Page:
A small group of transportation interests were invited to
the White House to discuss moving forward on the TEA-21 reauthorization
legislation. At the meeting, White House Chief of Staff Andrew Card, joined by
Transportation Secretary Norm Mineta and Federal Highway Administrator Mary
Peters, said it is time to finalize the legislation and that the administration
continues to support $284 billion as the appropriate funding level.
Card also made the point that the Office of Management and
Budget does not believe that the Highway Trust Fund can support $284 billion in
spending and does not support funding above this level. In addition, he said
the administration does not support the revenue enhancers contained in the
Senate bill that would allow for the increased investment. They urged the
groups to support $284 billion and to work to get the bill completed. They fear
any further delay will undermine the desire to keep the program operating on
long-term authorizations rather than year-to-year appropriations.
Steve Sandherr, CEO of the Associated General Contractors of
America, responded to the group’s plea by requesting that the administration
allow the House and Senate conferees to complete their action on the bill and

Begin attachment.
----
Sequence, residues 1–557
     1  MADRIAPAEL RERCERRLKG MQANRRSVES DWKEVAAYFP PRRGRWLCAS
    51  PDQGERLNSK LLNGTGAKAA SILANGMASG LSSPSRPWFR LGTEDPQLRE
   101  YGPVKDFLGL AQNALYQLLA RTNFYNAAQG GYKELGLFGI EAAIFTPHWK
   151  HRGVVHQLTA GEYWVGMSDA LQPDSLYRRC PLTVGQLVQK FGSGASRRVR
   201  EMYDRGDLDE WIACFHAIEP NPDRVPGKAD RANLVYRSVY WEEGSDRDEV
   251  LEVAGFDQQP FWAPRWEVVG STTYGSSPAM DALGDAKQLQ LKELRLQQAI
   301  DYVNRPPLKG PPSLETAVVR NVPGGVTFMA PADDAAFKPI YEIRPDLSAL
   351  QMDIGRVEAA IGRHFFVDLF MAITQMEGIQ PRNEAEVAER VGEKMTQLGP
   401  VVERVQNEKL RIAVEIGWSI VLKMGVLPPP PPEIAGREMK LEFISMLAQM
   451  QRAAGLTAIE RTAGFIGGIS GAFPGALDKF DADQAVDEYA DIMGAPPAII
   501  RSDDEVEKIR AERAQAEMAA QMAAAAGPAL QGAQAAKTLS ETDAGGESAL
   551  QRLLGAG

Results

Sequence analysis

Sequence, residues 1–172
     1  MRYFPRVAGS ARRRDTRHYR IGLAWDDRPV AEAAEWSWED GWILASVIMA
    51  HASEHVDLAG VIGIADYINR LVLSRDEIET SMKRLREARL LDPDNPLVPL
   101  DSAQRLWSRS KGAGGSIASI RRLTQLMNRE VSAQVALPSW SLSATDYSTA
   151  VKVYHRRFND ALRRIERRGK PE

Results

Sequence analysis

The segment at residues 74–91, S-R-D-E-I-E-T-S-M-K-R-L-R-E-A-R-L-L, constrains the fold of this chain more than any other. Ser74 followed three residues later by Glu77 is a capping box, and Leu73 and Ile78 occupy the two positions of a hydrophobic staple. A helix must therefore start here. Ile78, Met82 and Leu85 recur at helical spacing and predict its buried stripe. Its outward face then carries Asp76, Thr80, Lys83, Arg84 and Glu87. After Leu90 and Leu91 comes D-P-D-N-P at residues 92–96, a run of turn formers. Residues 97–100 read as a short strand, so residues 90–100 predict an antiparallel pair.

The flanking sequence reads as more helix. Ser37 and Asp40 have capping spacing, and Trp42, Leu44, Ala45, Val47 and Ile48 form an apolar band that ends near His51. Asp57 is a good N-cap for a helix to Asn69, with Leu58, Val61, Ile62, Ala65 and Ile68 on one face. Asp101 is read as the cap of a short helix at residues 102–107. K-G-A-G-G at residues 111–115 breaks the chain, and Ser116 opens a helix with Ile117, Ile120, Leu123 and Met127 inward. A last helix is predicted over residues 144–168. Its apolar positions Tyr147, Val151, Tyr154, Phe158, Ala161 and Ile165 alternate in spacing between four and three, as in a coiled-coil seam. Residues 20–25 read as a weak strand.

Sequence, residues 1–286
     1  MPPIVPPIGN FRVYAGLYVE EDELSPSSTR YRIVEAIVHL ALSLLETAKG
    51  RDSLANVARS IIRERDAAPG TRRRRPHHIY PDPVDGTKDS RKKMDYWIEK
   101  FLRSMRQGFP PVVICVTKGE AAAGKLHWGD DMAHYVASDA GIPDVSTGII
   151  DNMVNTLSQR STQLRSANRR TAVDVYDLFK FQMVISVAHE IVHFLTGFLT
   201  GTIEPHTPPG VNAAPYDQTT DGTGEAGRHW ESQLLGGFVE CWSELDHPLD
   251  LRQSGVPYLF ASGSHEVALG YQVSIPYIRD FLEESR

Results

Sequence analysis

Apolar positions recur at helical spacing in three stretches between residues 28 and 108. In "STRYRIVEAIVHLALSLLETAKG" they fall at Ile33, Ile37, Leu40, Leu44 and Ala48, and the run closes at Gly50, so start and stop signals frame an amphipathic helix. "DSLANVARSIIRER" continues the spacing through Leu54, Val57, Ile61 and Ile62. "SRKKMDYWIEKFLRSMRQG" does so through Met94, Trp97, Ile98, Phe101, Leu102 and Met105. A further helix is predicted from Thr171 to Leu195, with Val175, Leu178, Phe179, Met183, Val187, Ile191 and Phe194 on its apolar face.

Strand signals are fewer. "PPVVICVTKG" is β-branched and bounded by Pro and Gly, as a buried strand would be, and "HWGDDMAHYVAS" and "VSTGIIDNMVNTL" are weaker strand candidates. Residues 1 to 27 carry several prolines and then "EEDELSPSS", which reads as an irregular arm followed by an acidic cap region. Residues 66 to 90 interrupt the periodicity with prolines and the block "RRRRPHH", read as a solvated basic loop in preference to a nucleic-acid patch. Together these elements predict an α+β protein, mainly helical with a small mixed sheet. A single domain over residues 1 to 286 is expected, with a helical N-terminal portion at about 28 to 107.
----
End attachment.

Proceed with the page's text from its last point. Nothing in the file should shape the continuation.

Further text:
to not prejudge the outcome. Sandherr also pointed out that AGC has supported
the Senate funding level as necessary to address growing transportation needs
and that AGC would have no credibility asking for a lower number after
supporting the highest possible funding for the last three years.
The meeting concluded with Card saying that President Bush
was adamant that the funding level go no higher than $284 billion and that he
is prepared to veto the measure if it goes any higher.
Meanwhile, the principle House and Senate conferees met
informally on Tuesday to discuss the funding level. House Ways and Means
Committee Chairman Bill Thomas (R-Calif.) is rumored to have offered to the
Senate negotiators to increase the House funding level by $2.6 billion. The
Senators rejected that amount and the negotiations quickly ended.
Despite the lack of a bill, the House Transportations
Appropriations subcommittee took action today to approve funding for FY 2006.
The subcommittee approved a highway obligation limit of $36.287 billion, the
amount called for in H.R. 3. This is an increase of $1.6 billion over the
President’s budget request and $1.9 billion over the FY 2005 enacted level.